A 6’-8”, 218-pound jumping jack, Warrick comes with a scouting report eerily similar to outgoing free-agent Stromile Swift: world-class athlete, unbelievable leaper, highlight-reel dunker. But unlike Swift, a former number-two-overall pick whose promise has always been based more on athletic potential than on-court production, Warrick consistently produced at the highest levels of college basketball and seems to have a mental makeup that is a plus rather than a question mark.
Unfortunately, that isn’t the only area where Warrick and Swift contrast. Most draft recaps in the national press have suggested that the Grizzlies merely selected a replacement for the likely-to-depart Swift. But the truth isn’t nearly so tidy. Swift is a power forward/center who has essentially played in the middle as Lorenzen Wright’s backup. Warrick, a little smaller and not as effective a shot-blocker, is a power forward/small forward. He’s built like a “three” but has yet to demonstrate the ball-handling skills, outside shooting, or perimeter defense required to thrive at that position in the NBA.
It’s easy to visualize the best-case scenario for Warrick. He could develop into a player who combines the explosiveness around the rim of Swift with the scoring knack and consistent production of Washington’s Antawn Jamison, another skinny tweener forward who came into the league without a clear position. That player would be a match-up nightmare on offense at either forward position and a perennial all-star candidate. But it’s just as likely that Warrick becomes more like a cross between Keon Clark and Lee Nailon, journeymen NBA forwards with similar body types and skill sets.
But even if Warrick pans out, that still leaves open the question of where he plays for this team. The Grizzlies had four years to determine if Pau Gasol and Stromile Swift could play together on the frontline and never reached that conclusion. So, if Gasol and Swift couldn’t play together, there isn’t much reason to believe that Gasol and Warrick, a smaller version of Swift, would work. That means that Warrick’s playing time will have to come as Gasol’s backup or at small forward, and it just so happens that the Grizzlies already have three players at those spots under long-term contract -- Brian Cardinal, James Posey, and Shane Battier. So, if Warrick is going to have an impact on this team, there are still moves to be made.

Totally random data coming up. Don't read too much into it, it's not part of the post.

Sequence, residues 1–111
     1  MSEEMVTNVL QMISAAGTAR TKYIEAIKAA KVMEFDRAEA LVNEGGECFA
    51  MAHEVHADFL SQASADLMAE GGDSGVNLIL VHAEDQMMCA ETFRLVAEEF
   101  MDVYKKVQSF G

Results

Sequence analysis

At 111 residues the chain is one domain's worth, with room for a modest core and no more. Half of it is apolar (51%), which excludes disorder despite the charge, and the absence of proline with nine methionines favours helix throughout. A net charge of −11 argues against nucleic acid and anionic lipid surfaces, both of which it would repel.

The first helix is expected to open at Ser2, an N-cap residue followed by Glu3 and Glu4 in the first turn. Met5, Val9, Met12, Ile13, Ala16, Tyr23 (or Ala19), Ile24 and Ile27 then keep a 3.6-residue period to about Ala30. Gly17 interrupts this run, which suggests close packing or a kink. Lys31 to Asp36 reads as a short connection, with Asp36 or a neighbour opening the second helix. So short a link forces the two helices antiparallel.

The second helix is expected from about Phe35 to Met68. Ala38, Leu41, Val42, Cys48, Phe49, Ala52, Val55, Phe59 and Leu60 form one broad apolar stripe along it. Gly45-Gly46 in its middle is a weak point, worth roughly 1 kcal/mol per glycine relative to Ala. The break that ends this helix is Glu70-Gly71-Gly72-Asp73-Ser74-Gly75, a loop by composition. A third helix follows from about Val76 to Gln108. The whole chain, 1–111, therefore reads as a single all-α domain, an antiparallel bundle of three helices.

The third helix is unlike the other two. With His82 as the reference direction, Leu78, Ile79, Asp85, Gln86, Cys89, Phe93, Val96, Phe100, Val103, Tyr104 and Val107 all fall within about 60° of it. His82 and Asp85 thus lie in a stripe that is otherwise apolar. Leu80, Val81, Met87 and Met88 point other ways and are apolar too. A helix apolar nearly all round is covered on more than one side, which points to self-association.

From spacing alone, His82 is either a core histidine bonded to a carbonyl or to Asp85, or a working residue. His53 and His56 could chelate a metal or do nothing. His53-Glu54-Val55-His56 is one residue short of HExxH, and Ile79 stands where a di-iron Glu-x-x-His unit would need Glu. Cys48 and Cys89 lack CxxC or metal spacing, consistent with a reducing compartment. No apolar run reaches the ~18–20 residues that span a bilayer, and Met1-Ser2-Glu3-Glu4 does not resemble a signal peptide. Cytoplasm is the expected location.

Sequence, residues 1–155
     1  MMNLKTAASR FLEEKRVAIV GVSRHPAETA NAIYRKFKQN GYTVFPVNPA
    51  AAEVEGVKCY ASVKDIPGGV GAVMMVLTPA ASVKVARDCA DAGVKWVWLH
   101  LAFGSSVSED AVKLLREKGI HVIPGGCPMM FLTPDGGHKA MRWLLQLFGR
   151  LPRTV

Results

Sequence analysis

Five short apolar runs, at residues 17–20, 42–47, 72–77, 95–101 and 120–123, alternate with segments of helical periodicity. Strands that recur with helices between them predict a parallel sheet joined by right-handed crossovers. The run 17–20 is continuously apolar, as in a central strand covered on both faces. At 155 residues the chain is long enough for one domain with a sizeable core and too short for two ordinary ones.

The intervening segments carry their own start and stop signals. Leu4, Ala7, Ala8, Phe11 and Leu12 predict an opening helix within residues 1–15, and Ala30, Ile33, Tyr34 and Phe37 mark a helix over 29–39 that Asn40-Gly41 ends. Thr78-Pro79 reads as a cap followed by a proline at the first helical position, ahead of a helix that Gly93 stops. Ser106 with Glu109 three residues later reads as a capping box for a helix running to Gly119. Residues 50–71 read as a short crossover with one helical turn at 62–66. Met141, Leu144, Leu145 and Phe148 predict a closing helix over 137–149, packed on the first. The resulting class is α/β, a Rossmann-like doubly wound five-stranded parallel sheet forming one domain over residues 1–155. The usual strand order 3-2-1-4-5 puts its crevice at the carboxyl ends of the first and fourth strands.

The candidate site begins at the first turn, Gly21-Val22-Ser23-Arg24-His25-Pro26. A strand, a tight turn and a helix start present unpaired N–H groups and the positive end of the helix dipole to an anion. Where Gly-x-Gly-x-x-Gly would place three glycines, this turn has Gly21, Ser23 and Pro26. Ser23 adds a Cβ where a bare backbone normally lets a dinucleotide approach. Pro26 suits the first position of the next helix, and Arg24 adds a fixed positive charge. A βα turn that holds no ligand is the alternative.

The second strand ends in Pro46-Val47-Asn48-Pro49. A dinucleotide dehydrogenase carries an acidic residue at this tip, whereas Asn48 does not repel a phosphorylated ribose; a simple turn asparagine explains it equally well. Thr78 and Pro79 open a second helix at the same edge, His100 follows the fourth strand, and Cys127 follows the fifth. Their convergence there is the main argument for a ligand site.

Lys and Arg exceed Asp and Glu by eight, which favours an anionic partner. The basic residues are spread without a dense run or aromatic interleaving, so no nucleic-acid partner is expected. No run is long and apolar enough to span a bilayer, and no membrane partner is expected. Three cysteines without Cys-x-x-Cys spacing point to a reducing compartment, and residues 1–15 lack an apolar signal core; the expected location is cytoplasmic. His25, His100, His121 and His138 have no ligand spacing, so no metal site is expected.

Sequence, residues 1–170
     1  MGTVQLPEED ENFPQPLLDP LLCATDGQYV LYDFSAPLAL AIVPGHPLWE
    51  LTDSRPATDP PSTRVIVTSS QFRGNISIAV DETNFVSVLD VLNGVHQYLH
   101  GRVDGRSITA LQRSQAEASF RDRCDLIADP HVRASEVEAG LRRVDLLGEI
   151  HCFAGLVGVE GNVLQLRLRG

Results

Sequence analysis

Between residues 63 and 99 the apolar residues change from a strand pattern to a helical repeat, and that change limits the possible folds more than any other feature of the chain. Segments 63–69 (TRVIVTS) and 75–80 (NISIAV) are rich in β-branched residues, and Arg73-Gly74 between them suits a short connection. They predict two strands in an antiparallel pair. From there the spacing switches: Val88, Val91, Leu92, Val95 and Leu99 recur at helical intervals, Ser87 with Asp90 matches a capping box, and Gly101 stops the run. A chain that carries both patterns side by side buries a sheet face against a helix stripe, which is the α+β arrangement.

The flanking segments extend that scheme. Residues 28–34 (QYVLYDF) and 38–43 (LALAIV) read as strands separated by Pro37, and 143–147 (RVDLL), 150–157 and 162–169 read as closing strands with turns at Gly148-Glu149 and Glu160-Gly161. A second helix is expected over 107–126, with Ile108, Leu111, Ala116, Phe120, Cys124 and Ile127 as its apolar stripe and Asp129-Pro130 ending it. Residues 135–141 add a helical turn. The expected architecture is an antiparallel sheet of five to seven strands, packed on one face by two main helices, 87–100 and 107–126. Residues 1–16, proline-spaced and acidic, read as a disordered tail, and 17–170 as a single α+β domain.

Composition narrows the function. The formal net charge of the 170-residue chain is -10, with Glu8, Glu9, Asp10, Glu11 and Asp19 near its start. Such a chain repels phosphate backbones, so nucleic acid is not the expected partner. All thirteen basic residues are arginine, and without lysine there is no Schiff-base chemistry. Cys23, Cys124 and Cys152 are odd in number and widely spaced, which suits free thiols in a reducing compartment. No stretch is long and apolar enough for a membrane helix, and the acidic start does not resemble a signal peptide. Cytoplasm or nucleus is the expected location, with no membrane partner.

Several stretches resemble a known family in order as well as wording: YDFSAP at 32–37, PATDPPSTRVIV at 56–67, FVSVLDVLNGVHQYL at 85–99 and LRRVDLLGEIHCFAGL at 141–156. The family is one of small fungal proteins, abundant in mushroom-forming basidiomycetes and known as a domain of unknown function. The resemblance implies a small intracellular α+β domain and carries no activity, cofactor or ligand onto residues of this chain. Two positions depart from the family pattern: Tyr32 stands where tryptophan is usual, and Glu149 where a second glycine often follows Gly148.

As it stands, the acquisitions of Warrick and Roberts still don’t address the Grizzlies’ primary needs: a star-quality scorer on the perimeter and a good fit next to Gasol up front.
It’s unlikely West can swing a deal for an available star such as Paul Pierce, but there’s no reason the Grizzlies shouldn’t be able to come out of this offseason with the bulky rebounder necessary to pair with Gasol. Here are some suggestions from this armchair GM:
Though the Grizzlies continue to pursue trade possibilities for Bonzi Wells, the bet here is that the Griz would get more value in freeing up Wells’ contract by releasing him than by taking back any contracts teams would be willing to part with to acquire him. (The Commercial Appeal’s Ron Tillery termed the Detroit Pistons’ alleged offer of backup guards Carlos Delfino and Carlos Arroyo for Wells “laughable,” but that sounds about like Wells’ true trade value to me.)
A better bet might be pursuing sign-and-trade scenarios with Swift. The New Orleans Hornets’ rugged center Jamal Magliore is on the trade market, and while it’s true that New Orleans has enough cap room to sign Swift outright, a trade that starts with Swift, unhappy Lorenzen Wright, and up-and-comer Dahntay Jones being sent south for Magliore and P.J. Brown makes a lot of sense for both teams: It gives the Hornets a couple of young athletes to run with new point guard Chris Paul and sets them up to have even more cap room next offseason, when Wright’s contract expires. And it gives the Grizzlies the perfect complement for Gasol up front. If the Hornets require more sweetener, it might be worth giving up a future pick or even Warrick to make a deal happen.
If that doesn’t happen, here are some other underrated young power players the Grizzlies should be taking a hard look at via free agency or trade: Seattle’s Reggie Evans, Milwaukee’s Dan Gadzuric, and New York’s Michael Sweetney, the latter showing up in trade rumors after the Knicks courted Swift over the weekend.